Regardless of whether Rep. Paul Ryan decides to declare himself a candidate for Speaker of the House sometime this week, his political future will likely sustain some real damage – and there is nothing he can do to avoid it.
The Wisconsin Republican, not even two years removed from being the GOP’s vice presidential nominee, had seemingly established a clear path for himself. As Chair of the House Ways and Means Committee, he dreamed of overhauling the federal tax code. It’s a massive undertaking and one that, if successful, would chart the course for much of the U.S. economy for a generation and cement his reputation as an effective and capable legislator.
The next step, whether in 2020 or 2024, would be another run at the White House, this time as the candidate at the top of the ticket.
The unexpected resignation of House Speaker John Boehner last month, however, has changed everything.
The Republican majority is fractured, with a hard core of about 40 members of the “Freedom Caucus” consistently opposing anything that smacks of compromise.
The House is currently all but ungovernable. The Republican majority is fractured, with a hard core of about 40 members of the “Freedom Caucus” consistently opposing anything that smacks of compromise with the Obama administration, and mounting rebellion after rebellion on the House floor, forcing Boehner into the embarrassing position of having to withdraw bills that he had believed he could pass.
Last month, seeing that he was likely facing another series of difficult legislative battles within his own conference, and facing the threat of a vote to oust him from the Speaker’s chair, he finally decided to step down. The member who looked like Boehner’s obvious successor, Rep. Kevin McCarthy of California, the House Majority Leader, couldn’t muster the support of the Freedom Caucus either, and withdrew himself from the running.
For many in the GOP, the next logical person to look to was Ryan, who has never served in House leadership, and who repeatedly said that he was not interested in being Speaker. His reluctance notwithstanding, a large element of the GOP conference believe that Ryan is the only member with the credibility on both sides of the Republican divide to win.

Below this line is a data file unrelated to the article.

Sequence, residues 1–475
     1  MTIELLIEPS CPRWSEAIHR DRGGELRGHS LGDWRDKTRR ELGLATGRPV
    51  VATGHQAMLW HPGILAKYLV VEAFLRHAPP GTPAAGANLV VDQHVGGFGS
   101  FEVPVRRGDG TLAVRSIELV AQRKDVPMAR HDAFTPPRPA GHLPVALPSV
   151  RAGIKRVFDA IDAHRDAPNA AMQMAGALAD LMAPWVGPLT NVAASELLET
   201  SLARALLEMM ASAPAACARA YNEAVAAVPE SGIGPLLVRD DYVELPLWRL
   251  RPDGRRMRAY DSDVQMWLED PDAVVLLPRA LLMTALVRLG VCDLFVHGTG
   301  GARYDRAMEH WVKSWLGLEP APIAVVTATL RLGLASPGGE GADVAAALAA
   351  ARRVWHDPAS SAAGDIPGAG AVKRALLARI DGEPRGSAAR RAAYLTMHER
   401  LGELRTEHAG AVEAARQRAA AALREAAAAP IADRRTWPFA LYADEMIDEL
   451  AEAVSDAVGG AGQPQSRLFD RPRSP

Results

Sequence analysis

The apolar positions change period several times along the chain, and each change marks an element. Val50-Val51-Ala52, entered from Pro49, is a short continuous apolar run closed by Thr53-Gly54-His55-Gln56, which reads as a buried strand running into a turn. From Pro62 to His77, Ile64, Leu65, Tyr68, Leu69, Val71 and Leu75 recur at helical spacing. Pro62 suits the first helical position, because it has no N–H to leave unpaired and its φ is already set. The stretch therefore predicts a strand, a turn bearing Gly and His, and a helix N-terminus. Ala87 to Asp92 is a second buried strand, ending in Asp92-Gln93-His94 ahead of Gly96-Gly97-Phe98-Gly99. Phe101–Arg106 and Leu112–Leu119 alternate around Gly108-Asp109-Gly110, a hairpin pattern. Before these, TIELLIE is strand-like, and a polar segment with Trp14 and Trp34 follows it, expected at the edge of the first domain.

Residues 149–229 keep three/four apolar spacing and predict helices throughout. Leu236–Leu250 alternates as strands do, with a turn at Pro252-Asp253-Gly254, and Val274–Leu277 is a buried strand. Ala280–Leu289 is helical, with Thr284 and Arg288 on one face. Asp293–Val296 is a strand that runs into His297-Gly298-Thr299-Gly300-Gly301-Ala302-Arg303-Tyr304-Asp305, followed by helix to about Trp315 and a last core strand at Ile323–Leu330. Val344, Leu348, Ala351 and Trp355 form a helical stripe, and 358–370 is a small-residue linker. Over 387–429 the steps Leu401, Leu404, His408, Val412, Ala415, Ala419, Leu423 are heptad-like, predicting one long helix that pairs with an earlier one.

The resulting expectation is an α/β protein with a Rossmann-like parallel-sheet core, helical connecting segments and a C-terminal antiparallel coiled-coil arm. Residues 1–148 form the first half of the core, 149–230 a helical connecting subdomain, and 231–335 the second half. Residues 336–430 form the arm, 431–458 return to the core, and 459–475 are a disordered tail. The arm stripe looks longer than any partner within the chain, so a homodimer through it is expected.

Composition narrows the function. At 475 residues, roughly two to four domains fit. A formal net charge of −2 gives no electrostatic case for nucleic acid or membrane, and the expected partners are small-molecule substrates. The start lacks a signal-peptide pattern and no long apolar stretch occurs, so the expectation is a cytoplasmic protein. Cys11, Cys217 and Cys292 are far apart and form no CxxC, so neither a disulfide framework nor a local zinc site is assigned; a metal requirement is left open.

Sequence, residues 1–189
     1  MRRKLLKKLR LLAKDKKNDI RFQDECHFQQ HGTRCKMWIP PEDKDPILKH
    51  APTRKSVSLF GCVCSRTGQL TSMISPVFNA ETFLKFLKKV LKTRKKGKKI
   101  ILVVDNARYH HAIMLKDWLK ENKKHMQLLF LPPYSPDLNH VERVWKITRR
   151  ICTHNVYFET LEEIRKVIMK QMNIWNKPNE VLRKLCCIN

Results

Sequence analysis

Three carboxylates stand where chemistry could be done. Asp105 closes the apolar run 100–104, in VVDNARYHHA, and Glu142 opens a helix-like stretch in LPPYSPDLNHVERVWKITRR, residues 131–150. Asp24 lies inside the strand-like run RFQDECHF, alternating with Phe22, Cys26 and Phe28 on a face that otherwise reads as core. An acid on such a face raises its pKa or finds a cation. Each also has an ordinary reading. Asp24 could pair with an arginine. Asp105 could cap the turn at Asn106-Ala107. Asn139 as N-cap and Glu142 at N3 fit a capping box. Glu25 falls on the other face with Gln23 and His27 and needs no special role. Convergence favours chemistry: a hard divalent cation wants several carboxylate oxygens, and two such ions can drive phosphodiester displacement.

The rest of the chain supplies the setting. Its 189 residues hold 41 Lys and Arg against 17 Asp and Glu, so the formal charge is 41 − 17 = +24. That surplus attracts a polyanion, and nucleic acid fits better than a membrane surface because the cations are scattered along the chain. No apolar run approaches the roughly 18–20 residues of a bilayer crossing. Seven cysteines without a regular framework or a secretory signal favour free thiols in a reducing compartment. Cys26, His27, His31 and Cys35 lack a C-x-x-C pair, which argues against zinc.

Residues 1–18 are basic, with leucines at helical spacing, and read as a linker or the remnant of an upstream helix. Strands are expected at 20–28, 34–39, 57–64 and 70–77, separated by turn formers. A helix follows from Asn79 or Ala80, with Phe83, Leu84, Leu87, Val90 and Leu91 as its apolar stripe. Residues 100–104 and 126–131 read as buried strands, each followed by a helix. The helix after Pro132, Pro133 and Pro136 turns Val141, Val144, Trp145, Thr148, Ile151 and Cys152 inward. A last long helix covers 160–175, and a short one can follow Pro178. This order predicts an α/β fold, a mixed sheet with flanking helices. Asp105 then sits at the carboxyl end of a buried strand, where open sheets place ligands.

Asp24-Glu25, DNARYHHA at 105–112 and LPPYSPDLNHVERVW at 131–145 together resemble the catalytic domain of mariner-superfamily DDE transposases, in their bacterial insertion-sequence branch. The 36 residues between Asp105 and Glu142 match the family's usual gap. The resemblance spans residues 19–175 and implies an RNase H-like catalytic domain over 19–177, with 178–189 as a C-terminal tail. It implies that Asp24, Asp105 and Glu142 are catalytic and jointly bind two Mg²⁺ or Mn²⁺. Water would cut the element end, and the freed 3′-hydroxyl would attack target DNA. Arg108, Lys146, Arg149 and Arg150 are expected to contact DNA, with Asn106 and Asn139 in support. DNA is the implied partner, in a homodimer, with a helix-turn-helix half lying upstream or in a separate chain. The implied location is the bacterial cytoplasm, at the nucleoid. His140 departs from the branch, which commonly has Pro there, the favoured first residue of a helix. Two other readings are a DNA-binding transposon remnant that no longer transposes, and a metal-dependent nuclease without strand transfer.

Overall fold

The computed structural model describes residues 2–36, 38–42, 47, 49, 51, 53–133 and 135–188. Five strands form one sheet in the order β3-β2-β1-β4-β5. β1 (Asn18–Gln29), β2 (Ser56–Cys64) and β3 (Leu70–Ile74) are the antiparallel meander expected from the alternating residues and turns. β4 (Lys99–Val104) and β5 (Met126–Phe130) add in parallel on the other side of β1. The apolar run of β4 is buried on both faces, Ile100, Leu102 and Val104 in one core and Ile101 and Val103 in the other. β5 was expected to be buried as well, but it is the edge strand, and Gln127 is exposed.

Ryan is reportedly in discussions with the GOP conference’s right wing – essentially demanding that they promise not to do to him what they did to Boehner as a condition of accepting the job. However, by all accounts, the Freedom Caucus wants to enshrine in the rules of the House the ability to do to any new Speaker exactly what it did to Boehner – block initiatives they dislike, scuttle compromise, etc.
There is no end of commentary in the political press about how damaging a stint as House Speaker would be to Ryan’s presidential aspirations. The bottom line is that as Speaker, Ryan would be responsible for getting things done in a government where Republicans control the Congress and the Democrats control the White House.
It’s a situation that makes compromise an essential element of any major deal, and among the more fringe members of the GOP conference, who have the luxury to pursue ideological purity, compromise is a mortal sin. For a speaker, refusal to compromise is practically a disqualification.
In the end, a Ryan speakership would inevitably result in him having to cut deals, whether with the White House or House Democrats that would be seen as apostasy to the Freedom Caucus. And when the day came, and Speaker Ryan wanted to lay down the gavel and make a run for the White House, every deal he cut or principle he bent would come back to haunt him in attacks from the conservative elements of the Party.
If that were the end of the story, it would be easy to see what Ryan ought to do: turn and run from anybody who approaches him offering the Speakership.
However, it’s not that simple. Consider the possibility that Ryan declines, and throws the Speaker race into even more chaos than it’s already in. More than a dozen House members have suggested that they are open to running for Speaker if Ryan bows out.
The next Speaker could conceivably be determined by a bruising series of votes within the conference, in which the future leader cuts deals with small factions for their support, resulting in a Speaker who in the end is so beholden to the different GOP factions that he or she has an even harder time managing the House than Boehner did.
The House Republican conference falls into an endless cycle of self-defeating internal battles that brings major legislation to a halt and impedes the ability of the federal government to do its job. It could even further damage a Republican brand that has suffered more than its share of bad press in recent years.
Under those circumstances, it would be difficult for Ryan – seen as the man who could have saved the House GOP from itself – to come away looking blameless. When his party needed him, the critics will say, he didn’t answer the call. Instead, he stayed in his perch at the Ways and Means Committee, hoping to preserve his shot at the White House, even as his GOP self-destructed in front of him.
That’s not a narrative a presidential candidate wants to have to push back against, but if Ryan refuses the speakership, it’s all but certain that his unwillingness to serve would come back to haunt him in a future presidential run.
For Ryan right now, there are literally no good choices.